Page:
HL Deb 12 February 1990 vol 515 cc1091-3

2.47 p.m.

Baroness Seear asked Her Majesty's Government:

In view of their assurances during proceedings on the Education Reform Bill that there would be time available for teaching subjects not included in the national curriculum, such as Latin and a second modern language, how such subjects can be included in a timetable already congested by the requirements of the national curriculum.

Baroness Blatch

My Lords, my right honourable friend the Secretary of State has recently described the flexibility which will be available to schools in the last two years of compulsory education. His purpose has been to establish a broad framework which will enable schools to plan for all the national curriculum subjects and religious education and for optional subjects such as those mentioned by the noble Baroness. He has invited the National Curriculum Council and the School Examinations and Assessment Council to undertake a number of tasks which will help achieve that aim.

Baroness Seear

My Lords, I thank the Minister for that somewhat encouraging Answer. Does it mean that after the age of 14 it will be possible for people to vary the national curriculum and so take in not only the subjects that I have mentioned but also some other marked omissions; for example the basis of economics and home economics, which, contrary to what one might expect, cover a great deal connected with the rearing and upbringing of children and the satisfactory development of family life, which is thought to be near to the heart of the Government?

Baroness Blatch

My Lords, I can give an encouraging answer to the noble Baroness who has raised an important topic which was discussed during proceedings on the Bill and has since been a continuing concern of teachers. In his speech to the Society of Education Officers on 25th January, my right honourable friend spelt out in great detail the kind of flexibility which the noble Baroness requires. I can promise her that the flexibility to satisfy the needs of the most able and the least able and to introduce all the subjects mentioned by her will be accommodated. It is important to note that all courses, once approved, will build on attainment targets and programmes of study so that they will all be brought into the framework of the national curriculum.

Lord Peston

My Lords, we are delighted that the Secretary of State is apprised of the problem. However, am I not right in saying that he has no powers to achieve the solution which the noble Baroness, Lady Seear, and others of us have in mind? Is it not right that all he can do is to encourage? Furthermore, is not what the Minister says against all experience in education, and if there is any flexibility it is used entirely for the sake of examinations and what is compulsory? Is it not excessively optimistic to assume that the most important subject, economics, will not be crowded out if it is not necessarily to be examined and assessed? Is there not a serious problem which we must face here?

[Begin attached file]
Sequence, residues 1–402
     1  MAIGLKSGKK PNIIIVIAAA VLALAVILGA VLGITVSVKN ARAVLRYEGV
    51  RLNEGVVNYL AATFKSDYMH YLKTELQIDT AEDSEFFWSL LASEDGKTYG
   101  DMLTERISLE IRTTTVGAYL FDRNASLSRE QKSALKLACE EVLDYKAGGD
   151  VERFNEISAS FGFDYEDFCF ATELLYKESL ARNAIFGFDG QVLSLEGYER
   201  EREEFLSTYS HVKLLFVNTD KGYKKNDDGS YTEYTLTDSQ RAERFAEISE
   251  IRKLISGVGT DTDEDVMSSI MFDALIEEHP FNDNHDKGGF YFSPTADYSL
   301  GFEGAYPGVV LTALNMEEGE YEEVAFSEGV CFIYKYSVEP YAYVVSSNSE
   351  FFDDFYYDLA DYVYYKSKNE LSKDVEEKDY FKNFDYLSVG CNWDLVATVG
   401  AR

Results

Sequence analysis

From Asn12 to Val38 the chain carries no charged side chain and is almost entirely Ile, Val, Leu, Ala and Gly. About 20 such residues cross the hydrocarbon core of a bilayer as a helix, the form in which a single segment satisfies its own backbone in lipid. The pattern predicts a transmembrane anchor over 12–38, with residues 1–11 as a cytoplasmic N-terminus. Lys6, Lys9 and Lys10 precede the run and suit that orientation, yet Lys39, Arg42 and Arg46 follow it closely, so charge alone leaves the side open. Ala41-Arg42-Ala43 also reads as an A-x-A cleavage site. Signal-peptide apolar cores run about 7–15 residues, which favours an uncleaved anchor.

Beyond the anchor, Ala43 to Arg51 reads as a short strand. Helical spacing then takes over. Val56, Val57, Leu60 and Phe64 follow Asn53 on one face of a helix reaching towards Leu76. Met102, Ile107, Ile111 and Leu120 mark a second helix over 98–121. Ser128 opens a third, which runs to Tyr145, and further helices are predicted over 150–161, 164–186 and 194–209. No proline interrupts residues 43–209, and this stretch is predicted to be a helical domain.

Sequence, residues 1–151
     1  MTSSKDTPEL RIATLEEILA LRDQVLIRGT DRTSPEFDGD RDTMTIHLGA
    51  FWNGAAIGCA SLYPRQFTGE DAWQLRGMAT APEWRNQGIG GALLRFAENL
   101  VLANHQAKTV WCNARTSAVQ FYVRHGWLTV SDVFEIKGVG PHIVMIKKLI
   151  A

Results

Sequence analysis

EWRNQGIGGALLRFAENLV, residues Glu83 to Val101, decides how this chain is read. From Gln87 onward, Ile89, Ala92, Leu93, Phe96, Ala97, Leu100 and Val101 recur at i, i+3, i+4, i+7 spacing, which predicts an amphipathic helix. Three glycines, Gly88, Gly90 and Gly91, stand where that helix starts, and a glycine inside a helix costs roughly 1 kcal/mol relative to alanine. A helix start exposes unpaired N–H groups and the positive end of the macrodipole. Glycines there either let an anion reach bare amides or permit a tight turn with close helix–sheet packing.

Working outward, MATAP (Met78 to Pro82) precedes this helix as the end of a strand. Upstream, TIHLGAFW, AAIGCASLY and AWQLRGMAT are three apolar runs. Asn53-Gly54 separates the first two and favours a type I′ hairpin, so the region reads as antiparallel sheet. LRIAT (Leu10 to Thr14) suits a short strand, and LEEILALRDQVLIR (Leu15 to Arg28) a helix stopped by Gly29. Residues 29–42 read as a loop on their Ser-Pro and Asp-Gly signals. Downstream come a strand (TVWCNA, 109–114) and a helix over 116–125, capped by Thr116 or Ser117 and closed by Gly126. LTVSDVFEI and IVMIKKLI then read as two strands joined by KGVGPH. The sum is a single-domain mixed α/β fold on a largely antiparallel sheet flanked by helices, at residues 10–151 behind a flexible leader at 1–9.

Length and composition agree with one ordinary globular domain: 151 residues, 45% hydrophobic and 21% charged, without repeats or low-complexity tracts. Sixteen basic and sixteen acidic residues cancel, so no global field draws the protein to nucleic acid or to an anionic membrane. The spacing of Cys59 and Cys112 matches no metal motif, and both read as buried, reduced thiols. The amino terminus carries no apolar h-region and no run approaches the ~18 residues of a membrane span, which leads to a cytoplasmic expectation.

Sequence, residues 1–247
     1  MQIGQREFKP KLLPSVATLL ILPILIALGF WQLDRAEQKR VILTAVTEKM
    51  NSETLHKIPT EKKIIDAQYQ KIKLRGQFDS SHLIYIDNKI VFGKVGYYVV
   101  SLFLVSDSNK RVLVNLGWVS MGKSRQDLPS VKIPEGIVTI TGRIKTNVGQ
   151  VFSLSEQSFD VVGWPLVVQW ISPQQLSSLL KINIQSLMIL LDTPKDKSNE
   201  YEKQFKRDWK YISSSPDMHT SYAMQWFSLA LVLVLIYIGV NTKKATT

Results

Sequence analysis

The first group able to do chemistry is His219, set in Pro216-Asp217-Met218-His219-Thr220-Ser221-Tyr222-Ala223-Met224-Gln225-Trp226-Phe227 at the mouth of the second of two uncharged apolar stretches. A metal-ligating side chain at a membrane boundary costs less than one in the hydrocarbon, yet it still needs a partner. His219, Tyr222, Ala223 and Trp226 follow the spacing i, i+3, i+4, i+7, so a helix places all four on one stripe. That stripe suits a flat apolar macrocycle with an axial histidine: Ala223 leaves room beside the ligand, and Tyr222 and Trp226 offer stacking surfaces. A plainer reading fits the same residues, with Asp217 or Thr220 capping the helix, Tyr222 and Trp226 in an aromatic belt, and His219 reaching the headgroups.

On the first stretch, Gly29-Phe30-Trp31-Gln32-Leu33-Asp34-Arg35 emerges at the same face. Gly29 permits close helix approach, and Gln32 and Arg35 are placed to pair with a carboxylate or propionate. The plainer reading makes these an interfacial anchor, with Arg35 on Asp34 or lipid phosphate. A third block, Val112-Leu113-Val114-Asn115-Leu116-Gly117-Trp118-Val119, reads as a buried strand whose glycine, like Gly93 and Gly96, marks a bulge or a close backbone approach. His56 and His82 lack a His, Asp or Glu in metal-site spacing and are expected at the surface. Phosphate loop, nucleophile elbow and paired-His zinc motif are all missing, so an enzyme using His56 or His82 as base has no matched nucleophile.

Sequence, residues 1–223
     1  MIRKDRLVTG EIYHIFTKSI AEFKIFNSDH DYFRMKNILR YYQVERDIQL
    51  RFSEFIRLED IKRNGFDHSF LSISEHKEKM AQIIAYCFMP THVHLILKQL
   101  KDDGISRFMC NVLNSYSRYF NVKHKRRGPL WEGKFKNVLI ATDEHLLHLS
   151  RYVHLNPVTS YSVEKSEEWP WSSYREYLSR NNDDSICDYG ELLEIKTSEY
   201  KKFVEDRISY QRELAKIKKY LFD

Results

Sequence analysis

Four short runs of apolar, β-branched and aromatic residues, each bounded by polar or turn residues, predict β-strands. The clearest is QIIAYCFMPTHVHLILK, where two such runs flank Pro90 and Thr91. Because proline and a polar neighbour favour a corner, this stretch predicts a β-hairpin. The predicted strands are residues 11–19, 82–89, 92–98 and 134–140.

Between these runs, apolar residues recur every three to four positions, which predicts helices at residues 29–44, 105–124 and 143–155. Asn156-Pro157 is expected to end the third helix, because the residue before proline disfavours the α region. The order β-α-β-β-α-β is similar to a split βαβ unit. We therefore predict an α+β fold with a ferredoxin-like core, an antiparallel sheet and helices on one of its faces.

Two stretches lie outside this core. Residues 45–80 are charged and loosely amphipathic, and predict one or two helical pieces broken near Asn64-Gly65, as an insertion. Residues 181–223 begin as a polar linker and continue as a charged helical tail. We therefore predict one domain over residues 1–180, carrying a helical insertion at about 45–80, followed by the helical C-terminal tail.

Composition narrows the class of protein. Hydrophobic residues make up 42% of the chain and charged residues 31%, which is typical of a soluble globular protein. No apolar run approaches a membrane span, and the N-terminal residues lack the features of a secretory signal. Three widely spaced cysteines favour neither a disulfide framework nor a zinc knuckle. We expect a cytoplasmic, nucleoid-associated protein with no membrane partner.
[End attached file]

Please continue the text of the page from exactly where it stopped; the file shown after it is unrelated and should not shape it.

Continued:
Baroness Blatch

My Lords, the noble Lord raises another interesting point. It is true that the Secretary of State, who wishes to achieve flexibility, will go as far as he can under the present regulations. However, he also has intentions to amend the 1989 information regulations. From what I have heard from your Lordships, I believe that they will be approved by this House.

Lord Peston

My Lords, I had not heard that before and that is welcome news. Will such an amendment of regulations be the subject of a debate in your Lordships' House so that we can bring to bear the many views which we have on these matters?

Baroness Blatch

My Lords, I am tempted to say that the noble Lord has the advantage of me in terms of procedures of the House. I do not know in what form the matter will come before the House. However, I know that there will be an opportunity to make representations on the amendments.

Baroness Phillips

My Lords, is the noble Baroness aware that I was delighted to hear her mention religious education? Is that now included in the national curriculum because I understood that, originally, it was not?

Baroness Blatch

My Lords, yes, it is entirely within the framework of the Act.

Lord Morris

My Lords, the noble Lord opposite suggested that economics is the most important subject. Will he be good enough to let me know what direct benefit will accrue to mankind as a result of such studies?

Baroness Blatch

My Lords, I dare not say that the study of economics is not of benefit to mankind. What is important is not only the study of economics but also vocational studies. City and Guilds, BTEC and RSA courses will all be submitted for approval and will be brought into the framework of the Act.

Lord Boyd-Carpenter

My Lords, is my noble friend aware of the importance of knowledge of economics among the largest number of people so that they are able to make a proper assessment of the policies of the Labour Party?

Baroness Blatch

My Lords, my noble friend's comments are noted.

Lord Molloy

My Lords, does it fall within the domain of the noble Baroness to see that there is a reasonable proportion of the printed word in our newspapers in regard to political matters? These days about 90 per cent. is in support of the Tory Party and 10 per cent. in support of the other parties of this political democracy.

Baroness Blatch

My Lords, I believe that my noble friends on this side of the House would say almost the opposite.